Mineralogical and microstructural studies of phyllites by means of optical microscope, scanning electron microscope and X-ray diffraction analysis. The results are correlated with mechanical properties and will be utilised to explain the typical deformation of phyllites in tunneling.
Tunneling in alpine regions pose many problems to the tunneling engineer. Large deformations associated with squeezing rock mass behavior are frequently observed in a variety of rock masses and stress conditions.
This proposal presents a coherent multi-disciplinary approach to study these phenomena. Principles from structural geology will be applied to characterize the microstructure (mineralogy, crystal orientation, microcrack characteristics).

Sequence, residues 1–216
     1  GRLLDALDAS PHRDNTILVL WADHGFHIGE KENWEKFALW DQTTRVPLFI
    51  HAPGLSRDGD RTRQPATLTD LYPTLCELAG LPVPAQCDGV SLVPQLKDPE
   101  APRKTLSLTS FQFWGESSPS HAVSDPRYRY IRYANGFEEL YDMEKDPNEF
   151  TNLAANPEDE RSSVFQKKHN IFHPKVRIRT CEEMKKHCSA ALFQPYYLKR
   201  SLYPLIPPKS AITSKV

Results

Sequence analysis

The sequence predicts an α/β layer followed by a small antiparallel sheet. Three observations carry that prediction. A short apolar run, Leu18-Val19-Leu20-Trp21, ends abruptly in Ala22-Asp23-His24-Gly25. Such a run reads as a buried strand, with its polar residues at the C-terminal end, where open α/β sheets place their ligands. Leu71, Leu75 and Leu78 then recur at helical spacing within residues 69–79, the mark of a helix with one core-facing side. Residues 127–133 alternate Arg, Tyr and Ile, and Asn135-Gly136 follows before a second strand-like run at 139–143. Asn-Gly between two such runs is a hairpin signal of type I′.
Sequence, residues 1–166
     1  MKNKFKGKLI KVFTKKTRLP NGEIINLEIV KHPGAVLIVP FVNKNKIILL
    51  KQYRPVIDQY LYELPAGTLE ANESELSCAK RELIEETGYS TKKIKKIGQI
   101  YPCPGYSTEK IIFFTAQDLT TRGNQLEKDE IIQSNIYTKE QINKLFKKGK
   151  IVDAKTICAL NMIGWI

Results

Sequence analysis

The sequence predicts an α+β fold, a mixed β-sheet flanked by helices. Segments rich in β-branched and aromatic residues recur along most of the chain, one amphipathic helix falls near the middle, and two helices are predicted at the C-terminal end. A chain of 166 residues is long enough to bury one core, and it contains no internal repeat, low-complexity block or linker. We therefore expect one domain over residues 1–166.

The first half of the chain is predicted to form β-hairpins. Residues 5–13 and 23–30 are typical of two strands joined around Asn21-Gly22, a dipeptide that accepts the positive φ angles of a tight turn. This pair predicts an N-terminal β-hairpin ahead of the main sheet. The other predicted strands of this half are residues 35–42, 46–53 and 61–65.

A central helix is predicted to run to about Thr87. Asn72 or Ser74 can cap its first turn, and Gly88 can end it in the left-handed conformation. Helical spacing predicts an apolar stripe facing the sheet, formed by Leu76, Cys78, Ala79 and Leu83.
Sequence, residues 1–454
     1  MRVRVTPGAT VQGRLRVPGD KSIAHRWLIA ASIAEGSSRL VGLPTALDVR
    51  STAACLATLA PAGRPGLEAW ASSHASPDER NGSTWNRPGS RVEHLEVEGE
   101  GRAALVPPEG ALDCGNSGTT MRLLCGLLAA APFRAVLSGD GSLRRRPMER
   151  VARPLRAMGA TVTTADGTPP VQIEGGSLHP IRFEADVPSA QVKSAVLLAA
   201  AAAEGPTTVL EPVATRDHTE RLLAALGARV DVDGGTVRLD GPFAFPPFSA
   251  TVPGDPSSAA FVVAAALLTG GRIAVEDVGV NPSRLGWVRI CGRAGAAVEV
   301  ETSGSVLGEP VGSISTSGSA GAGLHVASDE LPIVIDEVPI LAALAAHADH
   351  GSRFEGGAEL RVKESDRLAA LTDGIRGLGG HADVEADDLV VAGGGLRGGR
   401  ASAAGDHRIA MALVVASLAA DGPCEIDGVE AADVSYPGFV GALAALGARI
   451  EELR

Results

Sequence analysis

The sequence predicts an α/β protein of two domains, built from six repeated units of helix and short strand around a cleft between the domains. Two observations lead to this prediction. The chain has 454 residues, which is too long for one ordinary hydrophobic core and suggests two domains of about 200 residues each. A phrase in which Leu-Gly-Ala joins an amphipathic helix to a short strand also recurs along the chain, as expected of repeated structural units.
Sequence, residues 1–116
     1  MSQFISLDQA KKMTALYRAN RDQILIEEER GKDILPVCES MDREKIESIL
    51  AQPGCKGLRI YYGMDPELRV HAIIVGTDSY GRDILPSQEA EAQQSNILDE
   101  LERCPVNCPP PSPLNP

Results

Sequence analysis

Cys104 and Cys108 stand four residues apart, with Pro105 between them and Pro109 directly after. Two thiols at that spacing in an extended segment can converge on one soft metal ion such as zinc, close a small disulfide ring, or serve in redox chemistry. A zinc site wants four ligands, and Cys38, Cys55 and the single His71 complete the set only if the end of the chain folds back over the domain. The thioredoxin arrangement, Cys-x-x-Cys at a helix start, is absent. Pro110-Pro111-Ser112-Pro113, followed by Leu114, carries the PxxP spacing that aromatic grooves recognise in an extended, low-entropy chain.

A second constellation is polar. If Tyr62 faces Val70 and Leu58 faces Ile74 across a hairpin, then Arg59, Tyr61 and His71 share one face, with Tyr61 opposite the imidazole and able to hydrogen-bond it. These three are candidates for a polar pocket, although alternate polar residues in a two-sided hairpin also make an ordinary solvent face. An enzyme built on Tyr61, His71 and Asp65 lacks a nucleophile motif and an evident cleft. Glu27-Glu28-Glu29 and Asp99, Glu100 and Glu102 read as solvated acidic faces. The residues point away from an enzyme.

The relationship between the initial microstructure and the deformation pattern induced by additional load during laboratory testing will be evaluated.
A laboratory testing programme will be performed to study the mechanical behavior using modern rock mechanic testing procedures and interpretation.
This information will be combined with geological documentation and monitored tunnel excavation performance to systematically evaluate the relationship between laboratory results, the tunnel behavior and the observed geology.
Tunnels for analyses in different geologic environments are necessary so the influence of different geologic structures and stress conditions can be considered.